If you apply the TFS2008 SP1 to a system that has been upgraded from TFS 2005, but the WSS was not upgraded from 2.0 to 3.0 you can get a problem that you cannot access the SharePoint portal sites due to WebPart load errors (you get an Event ID: 1000 error in the Windows event logs). This is because the TFS 2008 SP1 installs .NET framework 3.5 SP1 which causes some problems for WSS 2.0. Note this is not usually a problem for new installs of TFS 2008 as these use WSS 3.0 by default, but the upgrade of TFS from 2005 to 2008 does not force the upgrade of WSS 2.0 to 3.0 so sites that upgraded are susceptible.
Most of the blog posts suggest a removal of .NET 3.5 and reinstall of 2.0 with service packs, this is not an option for a TFS 2008 installation. Luckily there is a solution, the .NET framework family update. Once these patches are installed for the historic versions of .NET all seems OK
Thanks to Wes MacDonald for pointing me at this fix, saved me no end of headaches
Whilst upgrading a single server TFS 2005 to a dual server 2008 install I hit a problem. I had installed the new 2005 Data Tier (DT) and patched it without issue. However then I tried to apply the patch VS80-KB19156-v2-x86, the Quiescence GDR patch, on the Application Tier (AT) I got the 29109 error: SQL Reporting Services configuration encountered an unknown problem. A search on the web found this is a common issue usually fixed by repeated retries! This did not work for me.
After much fiddling, I started again and cleaned down both the DT and AT. This time I made one change from the process detailed in the TFS dual server installation walkthrough – I DID NOT patch the SQL 2005 instance of Reporting Services on the AT prior to installing TFS. This time the TFS patches applied OK, I then patched SQL at the end of the installation process to bring it in line with the DT SQL patch level.
This would suggest the problem is that the TFS 2005 patches are checking for something that was set in a default SQL 2005 install but not present in one that is patched to SP3.
Anyway hope my experience saves you some time.
I posted yesterday about problem creating a new team project if you had missing templates on your Sharepoint server. This problem could of course be avoided if you had installed the TFS Sharepoint Extensions onto your Sharepoint server as your are meant to. However, as I have discovered it is not that easy to do if your chosen Sharepoint system has network load balanced front ends.
The problem is that Sharepoint will replicate your MSFAGILE30.STP template between the various servers, but it will not move other TFS artefacts such as the TFSREDIRECT.ASPX in the 12 hive or setting to point to the reporting service instance in the registry. To add these other items you need to install the extensions an then run the TFSConfigwss.exe tool to edit the registry. The problem is the Extensions MSI will not complete if it detects the STP already in place (which as I said will that have been replicated by Sharepoint). The only solution I found was to cheat a bit:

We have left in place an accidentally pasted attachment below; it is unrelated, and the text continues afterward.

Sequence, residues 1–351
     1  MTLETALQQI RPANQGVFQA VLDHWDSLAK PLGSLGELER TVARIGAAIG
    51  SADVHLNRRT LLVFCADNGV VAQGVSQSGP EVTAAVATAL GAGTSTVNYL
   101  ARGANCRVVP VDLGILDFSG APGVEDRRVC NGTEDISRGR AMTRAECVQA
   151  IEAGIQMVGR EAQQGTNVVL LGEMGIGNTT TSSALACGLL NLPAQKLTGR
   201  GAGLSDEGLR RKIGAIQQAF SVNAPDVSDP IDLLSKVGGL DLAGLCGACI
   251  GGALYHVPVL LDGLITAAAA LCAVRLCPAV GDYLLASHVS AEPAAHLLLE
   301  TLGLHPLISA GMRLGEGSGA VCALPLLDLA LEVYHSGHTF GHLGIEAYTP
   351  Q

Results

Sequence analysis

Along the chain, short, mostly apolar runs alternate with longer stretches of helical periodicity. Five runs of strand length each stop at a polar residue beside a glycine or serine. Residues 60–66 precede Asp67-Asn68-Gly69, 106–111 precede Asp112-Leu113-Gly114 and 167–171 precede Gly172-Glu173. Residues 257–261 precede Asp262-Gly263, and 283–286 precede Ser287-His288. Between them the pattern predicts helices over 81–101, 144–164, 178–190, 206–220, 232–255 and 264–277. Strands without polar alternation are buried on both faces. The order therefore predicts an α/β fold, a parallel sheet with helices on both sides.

- Run the Extensions MSI until you get the warning dialog it cannot complete
- In c:\program files copy the 'Team Foundation Server 2008 Sharepoint Extensions x64 Power Tool' directory
- Let the MSI finish, it will remove the directory, but you have a copy with the TFSconfigwss.exe tool which is probably the only thing you need.
- Run TFSConfigwss.exe to setup the registry.
Or you could just copy the files you need from your original Sharepoint server where you managed to install the Extensions correctly
Historically we have used the eScrum process template for our TFS team projects. However, with a view to the TFS 2010 future we have decided to moved back to the MSF Agile template. We used eScrum to provide an easy to use web based project dashboard; we now think that we can achieve the same or better in TFS 2010 using Excel’s enhanced links to TFS and Excel Services in Sharepoint.
So when I had to create a new team project today I decided to use the TFS 2008 "MSF for Agile Software Development - v4.2" template, to hopefully ease any upgrade issues. The problem was when I tried to create the team project I got the error TF30227, if I looked in the detailed log I saw:
Event Description: TF30162: Task "SharePointPortal" from Group "Portal" failed
Exception Type: Microsoft.TeamFoundation.Client.PcwException
Exception Message: TF30272: Template not found on the server
(Note that as is common with TFS the main error reported hides another error code.)
The problem was exactly as the error says, the template was missing on our central Sharepoint farm. We have been through a number of Sharepoint upgrades and relocation of our portal sites. This had meant that the TFS templates had to be reinstalled manually, this was done correctly for the eScrum template but a mistake was made for the MSF Agile one. We had installed the template with the command
Stsadm -o addtemplate -filename MSFAgile30.stp -title VSTS_MSFAgile30
when it should have been
Stsadm -o addtemplate -filename MSFAgile30.stp -title VSTS_MSFAgile
as TFS looks for a template call VSTS_MSFAgile not one called VSTS_MSFAgile30. Once this was correct the new project could be created.
I have been looking at the various install and upgrade stories for the TFS 2010 Beta. I have to say they are very nice compared to the older TFS versions. You now have a SharePoint like model where you install the product then use a separate configuration tool to upgrade or setup the features required. There are plenty of places to verify your setting as you go along to greatly reducing the potential mistakes.
One side effect of this model is that it is vital to get all your prerequisites in place. The lack of these has been the cause of the only upgrade scenario I have tried that has failed. This was on a VPC I used for TFS 2008 demos. This VPC used a differencing VHD using the older 2004 format that had a 16Gb limit and this disk was virtual full. To upgrade to TFS 2010 I needed to upgrade SQL to 2008 and this in turn needed Visual Studio 2008 patched to SP1 which needed over 6Gb free space, which was never going to happen on that VHD. So my upgrade failed, but that said this is not a realistic scenario, who has servers with just 16Gb these days!